God’s Providence: Preliminaries

In my first post I said I’d be posting a bit on God’s providence, but before we start it should be asked what we mean by the term “providence of God”? When we ask questions about God’s providence, we’re asking questions about how much and in what ways he controls all of creation. Does he guide nature or does he just let it go by itself? Does he guide our human decisions or do we have some sort of control independent of God that he can’t control? Sometimes this is called God’s Sovereignty, but some people use “Sovereignty” to refer to God’s kingship and not his control, so for the sake of clarity I’ll use the word “Providence”. In these posts we’ll mainly be dealing with God’s control and human decisions and less of (if at all) God’s control over nature. We’ll also be exploring objections and questions raised by the different answers to these questions. So the plans for the post-series are:

  1. Biblical passages that deal with God’s providence
  2. God’s control and our free will
  3. God’s control and evil, sin, suffering, his two wills and his priority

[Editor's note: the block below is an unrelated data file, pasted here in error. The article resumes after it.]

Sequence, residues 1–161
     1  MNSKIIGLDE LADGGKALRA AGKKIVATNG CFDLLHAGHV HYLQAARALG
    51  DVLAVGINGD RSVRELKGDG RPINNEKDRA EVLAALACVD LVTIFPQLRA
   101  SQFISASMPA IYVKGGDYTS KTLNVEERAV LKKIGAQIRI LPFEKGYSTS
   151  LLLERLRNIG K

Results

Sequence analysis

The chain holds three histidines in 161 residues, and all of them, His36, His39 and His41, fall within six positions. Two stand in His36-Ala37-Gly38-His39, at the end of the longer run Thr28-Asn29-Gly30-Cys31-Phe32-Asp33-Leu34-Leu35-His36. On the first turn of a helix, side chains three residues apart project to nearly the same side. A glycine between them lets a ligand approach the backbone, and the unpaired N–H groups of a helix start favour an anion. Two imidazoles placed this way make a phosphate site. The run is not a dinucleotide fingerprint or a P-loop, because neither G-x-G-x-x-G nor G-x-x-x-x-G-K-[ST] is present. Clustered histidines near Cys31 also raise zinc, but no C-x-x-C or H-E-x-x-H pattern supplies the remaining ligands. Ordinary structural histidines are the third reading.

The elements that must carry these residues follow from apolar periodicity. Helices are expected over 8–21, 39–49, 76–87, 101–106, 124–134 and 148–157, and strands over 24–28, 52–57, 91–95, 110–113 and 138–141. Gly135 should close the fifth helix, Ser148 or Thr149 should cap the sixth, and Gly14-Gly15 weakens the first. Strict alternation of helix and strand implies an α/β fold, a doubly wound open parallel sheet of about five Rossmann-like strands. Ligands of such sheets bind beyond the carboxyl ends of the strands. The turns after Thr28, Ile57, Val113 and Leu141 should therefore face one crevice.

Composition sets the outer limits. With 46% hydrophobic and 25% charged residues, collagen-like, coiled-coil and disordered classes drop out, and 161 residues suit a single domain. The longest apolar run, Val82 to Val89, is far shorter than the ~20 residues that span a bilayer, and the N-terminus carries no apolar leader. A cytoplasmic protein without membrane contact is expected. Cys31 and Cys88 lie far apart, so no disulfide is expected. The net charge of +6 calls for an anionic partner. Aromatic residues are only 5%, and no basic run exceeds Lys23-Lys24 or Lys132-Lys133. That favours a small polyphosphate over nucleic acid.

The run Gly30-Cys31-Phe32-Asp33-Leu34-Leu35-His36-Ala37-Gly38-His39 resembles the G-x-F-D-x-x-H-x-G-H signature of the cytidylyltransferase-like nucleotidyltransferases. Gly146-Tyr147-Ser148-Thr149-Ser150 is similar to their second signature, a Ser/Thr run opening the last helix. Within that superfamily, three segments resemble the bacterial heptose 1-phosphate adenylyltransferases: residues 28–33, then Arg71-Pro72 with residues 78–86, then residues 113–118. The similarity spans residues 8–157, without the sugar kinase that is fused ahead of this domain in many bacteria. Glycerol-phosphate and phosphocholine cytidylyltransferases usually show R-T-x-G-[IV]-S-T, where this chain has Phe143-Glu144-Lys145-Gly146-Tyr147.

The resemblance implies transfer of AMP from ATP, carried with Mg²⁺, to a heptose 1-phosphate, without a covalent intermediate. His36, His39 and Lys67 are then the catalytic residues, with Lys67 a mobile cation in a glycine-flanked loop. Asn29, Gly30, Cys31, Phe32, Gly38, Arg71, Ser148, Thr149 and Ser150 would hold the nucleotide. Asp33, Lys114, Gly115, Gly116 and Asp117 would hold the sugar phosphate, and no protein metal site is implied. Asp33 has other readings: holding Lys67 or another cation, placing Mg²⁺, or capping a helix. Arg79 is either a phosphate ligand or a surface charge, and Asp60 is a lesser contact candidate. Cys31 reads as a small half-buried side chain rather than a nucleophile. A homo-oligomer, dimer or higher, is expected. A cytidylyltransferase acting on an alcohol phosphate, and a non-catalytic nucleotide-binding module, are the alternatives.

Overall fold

4. God’s control and prayer and evangelism
  5. God’s control and salvation (this is only a possibility for now)

A natural question to ask before we start is “why bother”? Why should we think about these topics, does it really affect our lives that much? Isn’t this topic just irrelevant and shouldn’t it be left to the intellectuals to discuss? I think not, for three reasons:

  1. God’s providence is a surprisingly practical subject: depending on our understanding of the subject it changes our understanding of prayer and evangelism.
  2. It also affects our fundamental understandings of the world with regard to whether we have free will and what free will even means, making sense of evil and suffering in the world and our view of God’s actions in history.
  3. It furthers our understanding of God himself and how he deals with his creatures. We spend a lot of time trying to understand ourselves and the world around us; should we not also have a keen desire to understand the creator of us and the world around us?

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